By 2018, retailers will consider multichannel the norm, and the term will no longer be used in job titles, said Matthew Baptist, head of space and merchandising at Travis Perkins.

"We couldn't have predicted 2015 a few years ago," he said. "We hear an awful lot about omnichannel and multichannel and we have multichannel directors, but we should be in a world in the future where the commercial director is your multichannel director.

"I think culturally we'll move on in 2018 and it will be the norm. Why would I develop a product that wouldn't suit right across all of my channels?"

Speaking on a panel at the Buying and Merchandising Summit in London last week, Baptist explained that the builders' merchant is just at the start of its digital journey.

"It's a whole new world for us, we sold our first product online a couple of weeks ago," he said, noting how it is not in a builder's culture to buy labour products online.

"We need to educate our customers that we have a presence other than in buying and merchandising," he added. "But our industry is immature, and we're not up there with other retailers – our customers don't get it yet that they can buy building materials online."

Baptist said Travis Perkins is aware that its customers are browsing the site and looking for trade offers, but because individual customers have different trading terms, it is difficult to set up individual pricings for each customer.

"We're converting our customers from browsing to purchasing, but it is early days," he said.

The future of the high street

On the panel at the Buying and Merchandising Summit, Baptist was joined by Sharon MacLaren, merchandising director at Agent Provocateur. She bought up the future of the high street and suggested retailers will have to become much more clever with their stores.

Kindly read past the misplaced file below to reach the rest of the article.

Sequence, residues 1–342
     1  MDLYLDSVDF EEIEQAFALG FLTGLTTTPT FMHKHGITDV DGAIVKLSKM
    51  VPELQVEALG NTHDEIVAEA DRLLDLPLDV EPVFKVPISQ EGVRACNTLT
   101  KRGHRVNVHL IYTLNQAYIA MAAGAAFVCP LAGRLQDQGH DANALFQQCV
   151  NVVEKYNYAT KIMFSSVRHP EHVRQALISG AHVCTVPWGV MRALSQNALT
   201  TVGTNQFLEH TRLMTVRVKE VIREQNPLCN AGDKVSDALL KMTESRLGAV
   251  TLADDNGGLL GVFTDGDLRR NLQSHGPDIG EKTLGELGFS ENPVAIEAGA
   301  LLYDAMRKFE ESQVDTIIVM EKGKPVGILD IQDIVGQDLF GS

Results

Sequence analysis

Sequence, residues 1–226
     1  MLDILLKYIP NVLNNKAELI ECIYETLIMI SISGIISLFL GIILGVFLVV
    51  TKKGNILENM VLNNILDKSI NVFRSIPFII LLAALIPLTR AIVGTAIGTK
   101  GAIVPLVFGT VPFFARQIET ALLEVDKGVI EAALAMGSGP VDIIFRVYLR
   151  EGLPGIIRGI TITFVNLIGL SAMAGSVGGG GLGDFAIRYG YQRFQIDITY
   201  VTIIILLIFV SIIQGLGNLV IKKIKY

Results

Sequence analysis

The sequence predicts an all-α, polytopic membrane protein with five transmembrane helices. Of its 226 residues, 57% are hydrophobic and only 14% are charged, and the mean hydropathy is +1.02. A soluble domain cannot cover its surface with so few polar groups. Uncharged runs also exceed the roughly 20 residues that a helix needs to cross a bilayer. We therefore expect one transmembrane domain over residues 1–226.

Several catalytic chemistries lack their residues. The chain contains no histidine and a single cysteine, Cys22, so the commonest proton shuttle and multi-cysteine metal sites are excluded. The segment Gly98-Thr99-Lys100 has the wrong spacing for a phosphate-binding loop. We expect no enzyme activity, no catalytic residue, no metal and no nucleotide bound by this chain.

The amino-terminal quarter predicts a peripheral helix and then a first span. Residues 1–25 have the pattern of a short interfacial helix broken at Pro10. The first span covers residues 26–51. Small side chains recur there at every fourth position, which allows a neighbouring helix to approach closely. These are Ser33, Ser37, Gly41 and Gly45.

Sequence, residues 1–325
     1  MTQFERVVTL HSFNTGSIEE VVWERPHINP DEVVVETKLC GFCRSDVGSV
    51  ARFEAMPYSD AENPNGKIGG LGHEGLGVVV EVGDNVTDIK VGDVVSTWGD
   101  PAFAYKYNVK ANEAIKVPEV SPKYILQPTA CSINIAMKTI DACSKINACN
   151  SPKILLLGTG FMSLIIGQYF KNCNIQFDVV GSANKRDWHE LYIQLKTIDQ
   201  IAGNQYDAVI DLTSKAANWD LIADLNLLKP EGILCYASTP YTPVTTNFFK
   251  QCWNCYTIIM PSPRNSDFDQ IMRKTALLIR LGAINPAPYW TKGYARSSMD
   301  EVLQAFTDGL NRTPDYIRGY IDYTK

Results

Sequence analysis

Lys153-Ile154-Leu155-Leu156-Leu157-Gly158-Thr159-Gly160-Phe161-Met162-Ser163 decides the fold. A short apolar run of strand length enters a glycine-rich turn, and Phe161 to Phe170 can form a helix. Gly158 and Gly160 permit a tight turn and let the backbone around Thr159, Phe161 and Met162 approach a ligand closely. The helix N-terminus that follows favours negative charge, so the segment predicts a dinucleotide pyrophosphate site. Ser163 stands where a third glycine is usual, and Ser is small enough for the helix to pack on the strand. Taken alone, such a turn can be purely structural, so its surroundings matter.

"I hope what comes out of it is that there won't be a generic high street we had in any town where you see the same stores, but more of these young businesses starting up and doing something a little bit different," she said.

MacLaren said stores will have to provide additional services to what customers can do online and they will also have to provide an experience.

"It's about the theatre," she said. "Look at Harrods, there's always something going on and a reason to go there, that’s where people have to try and be clever. But there's always room for someone else to do something a little bit different."

Baptist – who used to work for Tesco, Sainsbury's and Asda – said the high street will split into two directions. "Businesses you need to go to for convenience and places you want to go to."

"I enjoy interacting and shopping when buying a new bicycle – I like to see it and test it. I think 'experiential retail' and 'need retail' will be the future, but this will create a squeeze in the middle for those retailers where you don't have to go to anymore," he added.